Mobile Menu - OpenMobile Menu - Closed

Congressman Mike Quigley

Representing the 5th District of Illinois

Gun Violence Prevention


Our nation is enduring a gun violence epidemic, and nowhere is this more evident than in Chicago. Sadly, the tragedy of gun violence in America is compounded by another tragedy in Congress: the tragedy of inaction. That’s why I refuse to standby idly while thousands of Americans die each year due to gun violence.  

Ending gun violence in America will require changes in our culture and revisions in our gun laws.  I’m doing my part by supporting legislation requiring mandatory background checks on 100 percent of gun sales; limiting the sale of assault weapons and high-capacity magazinesimproving the National Instant Background Check System to keep weapons out of the hands of criminals and the mentally ill; requiring tougher penalties for criminals caught trafficking guns across state lines into Illinois; directing the Department of Justice study the correlation between domestic violence and mass shootings; and pushing for the ban to be lifted on federal agencies like the CDC from studying gun violence.

No perfect solution exists to end all gun violence, but we know from the experiences of other countries that a combination of small but practical policy solutions can severely reduce it. By enacting commonsense, reasonable gun legislation, Congress can make a difference. But unless the status quo in Congress changes, we will continue to lose countless American lives to gun violence.

President Trump has attacked our city's "carnage," threatening to "send in the Feds" as a means to address gun violence. Not only is this type of language reckless and misguided, it is also a gross overreach of federal power. Gun violence, both in Chicago and across this country, is a national tragedy that requires immediate, substantial, and bipartisan action – not inappropriate threats. 

Rep. Quigley proudly has an F rating from the NRA because of his ongoing efforts to strengthen gun violence prevention laws and keep guns out of the hands of the wrong people.

Following a wave of mass shootings where the shooter had a history of domestic violence, Rep. Quigley introduced a bill to require the DOJ to study the link between mass shootings and domestic violence.

Rep. Quigley introduced bi-partisan legislation to improve the NICS system to alert law enforement when criminals break the law attempting to acquire a gun.

Rep. Quigley has been a leader on the effort to overturn the ban on federal agencies, like the CDC, from conducting research on gun violence.

Rep. Quigley wrote and op-ed in Crain's Chicago Business about Trump's misled threats to Chicago because of gun violence numbers.

More on Gun Violence Prevention

Jun 21, 2017 In the News
Some eyebrows went up this morning when President Trump's Justice Department announced 12 cities would get "significant assistance" in fighting crime under his new National Public Safety Partnership—and Chicago wasn't one of the dozen.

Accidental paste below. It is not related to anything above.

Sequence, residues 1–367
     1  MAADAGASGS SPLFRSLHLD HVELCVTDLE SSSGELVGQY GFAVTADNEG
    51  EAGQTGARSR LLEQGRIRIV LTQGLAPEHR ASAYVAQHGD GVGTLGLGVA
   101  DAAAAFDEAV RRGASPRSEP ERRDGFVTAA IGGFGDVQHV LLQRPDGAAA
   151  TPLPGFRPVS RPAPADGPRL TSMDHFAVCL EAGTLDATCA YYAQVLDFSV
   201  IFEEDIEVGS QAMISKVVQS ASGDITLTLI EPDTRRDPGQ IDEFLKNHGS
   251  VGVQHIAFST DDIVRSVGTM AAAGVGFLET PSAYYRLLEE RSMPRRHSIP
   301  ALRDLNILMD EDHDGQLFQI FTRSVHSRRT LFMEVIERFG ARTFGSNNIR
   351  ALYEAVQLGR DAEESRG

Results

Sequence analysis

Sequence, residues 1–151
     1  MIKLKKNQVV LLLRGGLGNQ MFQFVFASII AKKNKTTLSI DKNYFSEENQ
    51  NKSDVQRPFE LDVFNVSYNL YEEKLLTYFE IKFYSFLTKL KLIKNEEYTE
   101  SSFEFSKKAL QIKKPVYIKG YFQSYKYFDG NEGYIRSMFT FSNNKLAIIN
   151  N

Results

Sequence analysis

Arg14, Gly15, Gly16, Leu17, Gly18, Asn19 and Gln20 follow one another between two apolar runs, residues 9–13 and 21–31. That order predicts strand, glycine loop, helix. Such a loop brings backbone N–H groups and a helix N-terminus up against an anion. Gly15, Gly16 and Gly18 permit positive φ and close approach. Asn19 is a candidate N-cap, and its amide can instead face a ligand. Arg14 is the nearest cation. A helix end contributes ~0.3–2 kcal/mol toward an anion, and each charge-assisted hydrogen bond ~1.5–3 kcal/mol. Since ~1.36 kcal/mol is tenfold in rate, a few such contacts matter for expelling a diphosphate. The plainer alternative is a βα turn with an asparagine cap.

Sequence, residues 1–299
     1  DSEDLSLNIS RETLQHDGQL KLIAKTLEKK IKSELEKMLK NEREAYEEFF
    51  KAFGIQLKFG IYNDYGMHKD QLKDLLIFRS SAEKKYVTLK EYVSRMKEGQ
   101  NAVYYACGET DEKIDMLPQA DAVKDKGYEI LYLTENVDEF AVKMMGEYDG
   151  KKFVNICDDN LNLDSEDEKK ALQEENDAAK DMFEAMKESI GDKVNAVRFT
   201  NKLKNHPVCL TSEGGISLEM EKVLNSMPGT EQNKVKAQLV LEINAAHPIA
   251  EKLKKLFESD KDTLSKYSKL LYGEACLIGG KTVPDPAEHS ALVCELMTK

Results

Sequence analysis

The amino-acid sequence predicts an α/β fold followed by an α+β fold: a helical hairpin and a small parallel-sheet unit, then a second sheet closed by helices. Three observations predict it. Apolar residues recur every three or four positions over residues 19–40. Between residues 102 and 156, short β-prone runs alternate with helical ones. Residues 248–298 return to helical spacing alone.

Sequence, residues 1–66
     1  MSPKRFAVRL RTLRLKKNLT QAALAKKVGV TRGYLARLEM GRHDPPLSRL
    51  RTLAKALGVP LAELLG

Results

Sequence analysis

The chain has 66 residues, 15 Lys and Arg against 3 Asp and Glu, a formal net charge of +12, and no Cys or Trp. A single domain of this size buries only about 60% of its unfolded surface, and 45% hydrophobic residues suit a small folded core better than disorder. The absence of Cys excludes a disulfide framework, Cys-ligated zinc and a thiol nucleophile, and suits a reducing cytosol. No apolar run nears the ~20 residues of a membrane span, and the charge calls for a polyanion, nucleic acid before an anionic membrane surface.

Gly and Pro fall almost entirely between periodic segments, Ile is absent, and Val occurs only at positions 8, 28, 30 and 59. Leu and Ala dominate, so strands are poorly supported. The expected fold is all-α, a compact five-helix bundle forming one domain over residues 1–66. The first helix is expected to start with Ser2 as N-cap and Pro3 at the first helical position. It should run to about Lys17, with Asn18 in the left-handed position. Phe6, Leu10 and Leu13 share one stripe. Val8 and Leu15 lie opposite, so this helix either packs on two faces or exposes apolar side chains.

May 25, 2017 Press Release
U.S. Representative Mike Quigley (IL-05), who serves as a member of the House Appropriations Committee, introduced the Public Health Violence Prevention Act to establish a “National Center for Violence Prevention” (NCVP) under the Centers for Disease Control and Prevention (CDC). The center will be tasked with creating new programs, including the Public Health Violence Prevention Program (PHVP), aimed at deploying health-focused responses to violence and the prevention of violence across all sectors.
Apr 6, 2017 Press Release
U.S. Representative Mike Quigley (D-IL), a member of the House Appropriations Committee, and Reps. Carolyn Maloney (D-NY), David Cicilline (D-RI), and 37 other House Democrats called on the Labor, Health and Human Services Appropriations Subcommittee to fund the National Violent Death Reporting System (NVDRS) at a level that supports data collection in all 50 states. Rep. Quigley has offered an appropriations amendment to secure this funding every year for the past three years.
Apr 5, 2017 Press Release
U.S. Representative Mike Quigley (IL-05), Kathleen Rice and 35 fellow House Democrats yesterday called on House appropriators to close the loophole that allows suspected terrorists to purchase firearms and explosives. In a letter to Commerce, Justice, & Science Appropriations Subcommittee Chairman John Culberson and Ranking Member José Serrano and Homeland Security Appropriations Subcommittee Chairman John Carter and Ranking Member Lucille Roybal-Allard, Rice, Quigley and House Democrats urged appropriators to authorize the U.S. Department of Justice (DOJ) to prohibit individuals on the FBI Terrorist Watchlist from purchasing firearms and explosives.
Apr 5, 2017 Editorials
On March 25, 2017 eight people were shot in the city of Chicago. The following day, twelve more people. Some were victims of retaliations and many more were left with new plans to retaliate, resulting in the continuation of a vicious and deadly cycle. As more shots are fired, more deaths occur, and more people are exposed to the trauma—and susceptible to the influence—of violence. While this sequence isn’t unique to Chicago, it is all too evident on the streets we call home. Violence of all forms is wreaking havoc in communities across the country, disproportionately impacting communities of color and shaving half a million years of life off our collective lifespan. But, it doesn’t have to be this way.